Jute industry seeks govt support amid fear of allowing plastic bags to pack food grains
There are wide spread apprehensions among the country’s jute mill owners that the Centre might allow plastic bags to pack food grains and sugar for the Khariff season, starting from July itself.
There are wide spread apprehensions among the country's jute mill owners that the Centre might allow plastic bags to pack food grains and sugar for the Khariff season, starting from July itself. Normally, the Jute Packaging Material Act (JPMA) mandates packing all food grains and sugar produced in the country in jute bags. However, jute mills were not being able to meet the demand for jute bags, thanks to the cyclone-Amphan and the pandemic. And this, in turn, had prompted the Union textile ministry to allow the use of plastic bags in the previous Rabi season.
But things have changed since then and this time round, the jute industry is excepting a bumper crop and the industry is confident of meeting the demand as per the JPMA. There are still apprehensions that the Centre might continue to allow use of plastic bags to pack food grains and sugar.
Interestingly, production in the coming crop season is estimated to reach 90 lakh bales from around 55 lakh bales produced during the current crop season. The Centre has already fixed the MSP at Rs 4,500 a quintal for the coming crop season, up from Rs 4,225 a quintal in the current season. Significantly, market prices are expected to fall below MSP at the farm gate since jute acreage in West Bengal, the largest jute growing state, has increased by one lakh hectare to 6.5 lakh hectare, with high crop prices luring farmers to cultivate jute this year. Therefore, prices are unlikely be remunerative for jute cultivators in the coming crop season (July-June), even as the average price of raw jute hovering around Rs 8,500 a quintal at the end of the current jute season.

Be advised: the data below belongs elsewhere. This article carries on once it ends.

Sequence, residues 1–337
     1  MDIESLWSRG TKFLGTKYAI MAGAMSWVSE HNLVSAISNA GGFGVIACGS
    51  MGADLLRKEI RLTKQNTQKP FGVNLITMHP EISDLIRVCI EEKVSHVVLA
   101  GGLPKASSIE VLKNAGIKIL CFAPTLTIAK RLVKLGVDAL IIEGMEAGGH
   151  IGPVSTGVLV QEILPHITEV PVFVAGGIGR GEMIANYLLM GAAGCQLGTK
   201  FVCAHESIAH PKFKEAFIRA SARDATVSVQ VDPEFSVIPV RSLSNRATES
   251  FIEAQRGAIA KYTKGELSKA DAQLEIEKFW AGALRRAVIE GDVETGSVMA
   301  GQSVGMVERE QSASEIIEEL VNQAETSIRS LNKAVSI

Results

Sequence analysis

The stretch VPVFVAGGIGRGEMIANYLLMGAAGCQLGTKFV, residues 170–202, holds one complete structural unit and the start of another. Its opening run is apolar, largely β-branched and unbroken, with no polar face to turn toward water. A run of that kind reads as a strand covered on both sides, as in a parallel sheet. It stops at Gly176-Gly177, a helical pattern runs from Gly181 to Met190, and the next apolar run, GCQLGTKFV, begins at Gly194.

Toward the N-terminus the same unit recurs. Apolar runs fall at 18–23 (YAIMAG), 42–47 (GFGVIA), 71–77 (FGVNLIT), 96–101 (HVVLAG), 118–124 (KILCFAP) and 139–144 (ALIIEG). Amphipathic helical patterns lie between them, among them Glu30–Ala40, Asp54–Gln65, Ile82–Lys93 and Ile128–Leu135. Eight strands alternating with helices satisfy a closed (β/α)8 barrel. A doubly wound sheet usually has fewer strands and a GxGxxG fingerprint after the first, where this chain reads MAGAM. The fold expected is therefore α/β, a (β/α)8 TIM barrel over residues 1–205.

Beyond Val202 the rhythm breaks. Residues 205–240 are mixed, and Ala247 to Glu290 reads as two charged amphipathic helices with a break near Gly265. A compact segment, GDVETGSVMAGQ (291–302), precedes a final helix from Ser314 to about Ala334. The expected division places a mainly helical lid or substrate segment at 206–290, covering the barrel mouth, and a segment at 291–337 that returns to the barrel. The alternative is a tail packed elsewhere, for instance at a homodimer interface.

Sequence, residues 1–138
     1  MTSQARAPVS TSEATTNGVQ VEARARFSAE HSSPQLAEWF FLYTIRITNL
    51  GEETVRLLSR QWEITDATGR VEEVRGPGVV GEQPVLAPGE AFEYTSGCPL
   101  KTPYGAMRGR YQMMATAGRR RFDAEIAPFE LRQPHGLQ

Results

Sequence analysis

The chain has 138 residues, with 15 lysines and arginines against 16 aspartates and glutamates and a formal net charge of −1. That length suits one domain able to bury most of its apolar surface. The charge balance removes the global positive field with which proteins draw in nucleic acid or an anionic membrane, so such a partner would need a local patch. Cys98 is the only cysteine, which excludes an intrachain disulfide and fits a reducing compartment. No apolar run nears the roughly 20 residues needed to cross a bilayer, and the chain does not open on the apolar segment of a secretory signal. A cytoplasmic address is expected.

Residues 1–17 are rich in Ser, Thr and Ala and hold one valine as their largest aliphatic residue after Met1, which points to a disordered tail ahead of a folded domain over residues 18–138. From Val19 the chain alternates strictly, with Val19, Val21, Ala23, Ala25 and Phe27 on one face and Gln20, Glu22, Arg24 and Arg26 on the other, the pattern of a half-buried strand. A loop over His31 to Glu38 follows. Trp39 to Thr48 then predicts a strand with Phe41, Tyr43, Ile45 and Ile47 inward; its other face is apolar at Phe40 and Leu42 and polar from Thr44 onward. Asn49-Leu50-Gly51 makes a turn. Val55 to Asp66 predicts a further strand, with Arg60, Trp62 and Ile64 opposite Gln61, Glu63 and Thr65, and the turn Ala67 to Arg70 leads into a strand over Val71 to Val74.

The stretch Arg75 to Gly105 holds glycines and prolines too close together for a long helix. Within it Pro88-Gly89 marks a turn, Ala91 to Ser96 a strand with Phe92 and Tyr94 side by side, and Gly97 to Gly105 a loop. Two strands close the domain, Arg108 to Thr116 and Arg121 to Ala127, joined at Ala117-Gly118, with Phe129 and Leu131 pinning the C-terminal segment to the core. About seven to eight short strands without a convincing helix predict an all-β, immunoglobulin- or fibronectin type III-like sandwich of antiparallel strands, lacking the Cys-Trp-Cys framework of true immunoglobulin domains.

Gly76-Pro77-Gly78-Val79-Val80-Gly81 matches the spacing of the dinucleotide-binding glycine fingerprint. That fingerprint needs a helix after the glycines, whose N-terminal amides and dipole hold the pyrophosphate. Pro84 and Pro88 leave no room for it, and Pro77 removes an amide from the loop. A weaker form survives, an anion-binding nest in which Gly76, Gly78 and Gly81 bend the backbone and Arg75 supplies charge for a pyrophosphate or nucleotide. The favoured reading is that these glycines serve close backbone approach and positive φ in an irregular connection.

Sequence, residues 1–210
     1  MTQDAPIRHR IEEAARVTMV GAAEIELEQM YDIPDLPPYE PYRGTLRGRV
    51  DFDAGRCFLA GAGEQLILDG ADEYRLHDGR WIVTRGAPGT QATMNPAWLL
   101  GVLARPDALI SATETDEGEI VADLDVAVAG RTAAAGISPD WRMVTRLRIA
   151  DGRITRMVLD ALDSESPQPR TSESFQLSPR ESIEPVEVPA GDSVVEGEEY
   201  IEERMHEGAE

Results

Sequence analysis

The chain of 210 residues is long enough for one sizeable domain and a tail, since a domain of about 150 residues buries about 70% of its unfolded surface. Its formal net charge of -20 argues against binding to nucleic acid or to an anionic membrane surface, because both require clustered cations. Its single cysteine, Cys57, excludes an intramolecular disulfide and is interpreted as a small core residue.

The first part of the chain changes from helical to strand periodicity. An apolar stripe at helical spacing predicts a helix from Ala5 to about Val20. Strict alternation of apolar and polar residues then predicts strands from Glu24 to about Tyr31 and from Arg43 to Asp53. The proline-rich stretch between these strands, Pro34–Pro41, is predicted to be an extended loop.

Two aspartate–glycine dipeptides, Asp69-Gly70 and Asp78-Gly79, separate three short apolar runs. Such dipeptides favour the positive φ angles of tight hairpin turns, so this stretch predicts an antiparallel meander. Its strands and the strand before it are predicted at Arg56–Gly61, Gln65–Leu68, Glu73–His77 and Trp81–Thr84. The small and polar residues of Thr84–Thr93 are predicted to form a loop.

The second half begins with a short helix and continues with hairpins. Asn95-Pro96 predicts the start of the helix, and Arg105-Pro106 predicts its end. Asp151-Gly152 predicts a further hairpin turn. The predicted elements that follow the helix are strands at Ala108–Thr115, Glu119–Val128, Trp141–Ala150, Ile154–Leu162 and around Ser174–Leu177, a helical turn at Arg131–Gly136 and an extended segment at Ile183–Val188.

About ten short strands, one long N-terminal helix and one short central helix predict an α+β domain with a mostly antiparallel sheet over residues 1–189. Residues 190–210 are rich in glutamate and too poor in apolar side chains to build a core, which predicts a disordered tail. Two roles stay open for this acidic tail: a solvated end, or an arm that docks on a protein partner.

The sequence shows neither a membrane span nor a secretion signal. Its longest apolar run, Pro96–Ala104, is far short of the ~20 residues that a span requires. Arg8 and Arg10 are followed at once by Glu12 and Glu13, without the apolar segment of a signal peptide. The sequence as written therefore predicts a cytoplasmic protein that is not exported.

The Indian Jute Mills Association (IJMA) has taken up the matter with the West Bengal chief minister Mamata Banerjee and sought her support of to safeguard the interests of the industry and farmers, amidst such fears.
Suspecting that the synthetic lobby might mount pressures on the Centre to scrap the JPMA, IJMA sent an SOS, of the sort, to the Bengal chief minister, urging her to intervene so that Bengal's jute mills receive 100 per cent jute bag supply orders in 2021-22 for packing food grain and sugar and JPMA 1987 is continued in its original shape.
Mind you that a shortfall in production has led to closure of 17 jute mills since April. And significantly, the fate of the 60-odd jute mills in Bengal, which employ 3 lakh people directly and 40 lakh people indirectly, including jute farmers, for all practical purposes, depends on the JPMA.
Nearly 17 lakh tonnes of raw jute are expected to be produced this year. On an average, the entire demand for bags can be fulfilled by 15 lakh tonnes of raw jute. Hence, the industry can meet the demand (for bags), IJMA feels. Not only that. With the possibility of a bumper crop, mill owners believe that the shortfall of 7 lakh bales in the previous crop season will also be recovered this time.There are wide spread apprehensions among the country's jute mill owners that the Centre might allow plastic bags to pack food grains and sugar for the Khariff season, starting from July itself.